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seeking human kindness

Who is My Brother?


"But if anyone has the world's goods and sees his brother in need, yet closes his heart against him, how does God's love abide in him? Little children, let us not love in word or talk but in deed and in truth." -- 1 John 3:17

Traveling these past few years has opened our eyes to the layers of culture, history and diversity that makes up the tapestry of this country. This unique opportunity has allowed us to step outside of the safe "bubble" we had unknowingly created for ourselves. And what a delightful surprise it has been. America has been very kind to us. We have found that about 99.9% of the people with which we have interacted, whether fellow RVers, or baristas, or auto mechanics, or carnies, or hikers, have been friendly and caring. This country is overflowing with kindhearted people. And to the best of our knowledge, we haven't yet run into an axe murderer, or serial killer, or chemistry teacher turned ruthless meth dealer. It is a captivating, vivacious, colorful country and so very different than the one portrayed on our news stations.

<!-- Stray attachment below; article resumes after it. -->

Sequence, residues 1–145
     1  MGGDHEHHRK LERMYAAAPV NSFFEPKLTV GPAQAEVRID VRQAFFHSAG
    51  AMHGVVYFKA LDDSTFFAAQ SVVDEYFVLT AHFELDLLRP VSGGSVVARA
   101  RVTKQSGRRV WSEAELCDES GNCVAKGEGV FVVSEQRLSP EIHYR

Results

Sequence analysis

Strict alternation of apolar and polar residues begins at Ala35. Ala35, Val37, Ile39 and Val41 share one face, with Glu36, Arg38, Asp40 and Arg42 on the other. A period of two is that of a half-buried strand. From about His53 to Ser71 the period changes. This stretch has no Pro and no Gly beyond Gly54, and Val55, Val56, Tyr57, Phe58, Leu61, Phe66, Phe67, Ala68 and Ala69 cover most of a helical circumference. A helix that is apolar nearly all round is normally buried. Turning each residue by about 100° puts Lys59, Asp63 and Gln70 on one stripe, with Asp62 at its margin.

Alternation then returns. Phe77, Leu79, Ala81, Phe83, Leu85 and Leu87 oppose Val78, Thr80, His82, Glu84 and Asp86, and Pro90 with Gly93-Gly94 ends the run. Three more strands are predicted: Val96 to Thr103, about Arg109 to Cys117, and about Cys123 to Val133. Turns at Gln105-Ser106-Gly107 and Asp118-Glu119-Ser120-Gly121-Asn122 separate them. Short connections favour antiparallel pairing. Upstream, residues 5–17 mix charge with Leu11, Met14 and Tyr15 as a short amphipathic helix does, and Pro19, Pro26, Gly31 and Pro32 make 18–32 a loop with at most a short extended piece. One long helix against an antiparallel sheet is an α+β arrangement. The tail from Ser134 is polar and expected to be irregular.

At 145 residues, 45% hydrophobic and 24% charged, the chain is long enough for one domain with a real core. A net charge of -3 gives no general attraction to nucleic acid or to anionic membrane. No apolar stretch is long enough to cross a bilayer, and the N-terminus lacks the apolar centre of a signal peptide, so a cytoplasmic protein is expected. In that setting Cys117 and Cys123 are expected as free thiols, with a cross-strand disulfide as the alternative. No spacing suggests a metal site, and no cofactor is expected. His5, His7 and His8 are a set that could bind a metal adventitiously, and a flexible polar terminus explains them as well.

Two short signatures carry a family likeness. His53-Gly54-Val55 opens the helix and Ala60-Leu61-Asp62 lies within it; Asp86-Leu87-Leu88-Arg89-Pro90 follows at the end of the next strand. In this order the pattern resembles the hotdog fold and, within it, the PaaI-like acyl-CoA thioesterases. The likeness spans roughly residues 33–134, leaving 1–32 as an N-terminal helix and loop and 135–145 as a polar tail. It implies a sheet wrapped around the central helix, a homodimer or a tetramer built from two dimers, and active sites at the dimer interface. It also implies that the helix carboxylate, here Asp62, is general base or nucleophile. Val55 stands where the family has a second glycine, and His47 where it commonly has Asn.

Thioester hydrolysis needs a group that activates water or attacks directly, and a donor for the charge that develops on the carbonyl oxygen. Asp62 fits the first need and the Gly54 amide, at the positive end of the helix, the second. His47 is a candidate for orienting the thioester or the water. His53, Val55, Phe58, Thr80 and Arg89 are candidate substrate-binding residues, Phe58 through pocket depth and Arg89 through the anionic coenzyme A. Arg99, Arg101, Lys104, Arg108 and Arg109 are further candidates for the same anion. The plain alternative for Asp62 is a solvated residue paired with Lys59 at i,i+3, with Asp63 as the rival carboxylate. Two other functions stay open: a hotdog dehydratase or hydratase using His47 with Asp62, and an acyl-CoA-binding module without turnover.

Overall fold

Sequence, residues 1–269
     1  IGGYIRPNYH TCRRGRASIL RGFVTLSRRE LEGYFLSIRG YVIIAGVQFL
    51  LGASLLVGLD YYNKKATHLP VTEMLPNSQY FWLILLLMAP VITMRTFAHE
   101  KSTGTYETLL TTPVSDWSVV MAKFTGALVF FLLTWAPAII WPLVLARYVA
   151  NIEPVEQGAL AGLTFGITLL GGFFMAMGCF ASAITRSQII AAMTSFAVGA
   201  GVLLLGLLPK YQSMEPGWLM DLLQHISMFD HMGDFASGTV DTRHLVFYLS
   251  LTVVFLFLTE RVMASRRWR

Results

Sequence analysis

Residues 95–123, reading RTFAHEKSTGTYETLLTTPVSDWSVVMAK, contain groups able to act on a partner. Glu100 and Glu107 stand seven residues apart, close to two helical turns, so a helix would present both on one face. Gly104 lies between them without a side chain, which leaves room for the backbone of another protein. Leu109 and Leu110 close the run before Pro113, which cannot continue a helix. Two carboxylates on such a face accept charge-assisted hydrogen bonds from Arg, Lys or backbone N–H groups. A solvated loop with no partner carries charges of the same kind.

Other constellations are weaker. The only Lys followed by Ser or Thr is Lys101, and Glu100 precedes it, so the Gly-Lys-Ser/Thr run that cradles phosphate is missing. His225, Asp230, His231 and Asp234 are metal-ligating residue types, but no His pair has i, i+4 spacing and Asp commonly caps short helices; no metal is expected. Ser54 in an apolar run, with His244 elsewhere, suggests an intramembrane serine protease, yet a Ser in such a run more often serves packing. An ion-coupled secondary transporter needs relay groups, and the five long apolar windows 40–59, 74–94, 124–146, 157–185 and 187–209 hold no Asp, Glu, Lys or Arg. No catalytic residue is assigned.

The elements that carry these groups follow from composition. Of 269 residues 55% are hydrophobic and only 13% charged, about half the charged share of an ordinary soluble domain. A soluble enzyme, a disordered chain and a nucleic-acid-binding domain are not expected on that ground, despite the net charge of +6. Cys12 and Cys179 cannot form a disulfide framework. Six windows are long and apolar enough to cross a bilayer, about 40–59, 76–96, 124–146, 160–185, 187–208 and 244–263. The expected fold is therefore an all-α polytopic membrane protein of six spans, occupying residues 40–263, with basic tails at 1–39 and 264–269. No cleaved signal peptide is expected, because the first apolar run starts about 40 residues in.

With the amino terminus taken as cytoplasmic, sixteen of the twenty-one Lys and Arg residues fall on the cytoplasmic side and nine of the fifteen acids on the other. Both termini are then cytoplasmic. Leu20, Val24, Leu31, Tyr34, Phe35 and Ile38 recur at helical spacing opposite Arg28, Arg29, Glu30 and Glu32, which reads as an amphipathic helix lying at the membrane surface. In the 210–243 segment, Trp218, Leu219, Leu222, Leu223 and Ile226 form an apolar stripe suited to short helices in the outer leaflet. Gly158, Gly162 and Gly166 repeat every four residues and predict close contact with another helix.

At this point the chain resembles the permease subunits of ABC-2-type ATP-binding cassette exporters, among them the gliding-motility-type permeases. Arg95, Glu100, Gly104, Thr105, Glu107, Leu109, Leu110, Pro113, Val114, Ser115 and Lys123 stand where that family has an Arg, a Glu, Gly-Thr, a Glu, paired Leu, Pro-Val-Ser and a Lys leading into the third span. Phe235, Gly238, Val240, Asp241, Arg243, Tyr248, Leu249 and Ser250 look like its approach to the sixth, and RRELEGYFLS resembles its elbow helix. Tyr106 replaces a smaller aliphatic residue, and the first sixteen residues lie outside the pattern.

But there is another commonality that we didn't expect and that is the number of people who approach us asking for money. At almost every stop, in almost every city large or small, we are confronted with this issue. We recognize that some of these people are too lazy to work, some have severe mental or personal issues, and some are truly needy. (The musician's sign below reads: "Weed Is Expensive". I appreciated his honesty!)



Our obligation to help others does not end just because we are traveling. We try to cultivate a mindset of blessing others the way we have been blessed. We would love to give to everyone who asks from us but the dilemma is our funds are limited. So how do we separate the needy from the greedy? Money can help the former but not the latter. This is something Lorraine and I have given a considerable amount of thought and discussion, trying to reconcile the competing voices in our heads and our hearts. While we still tithe to our charities of choice, we also want to be a good and wise stewards of the day-to-day dollars in our pockets.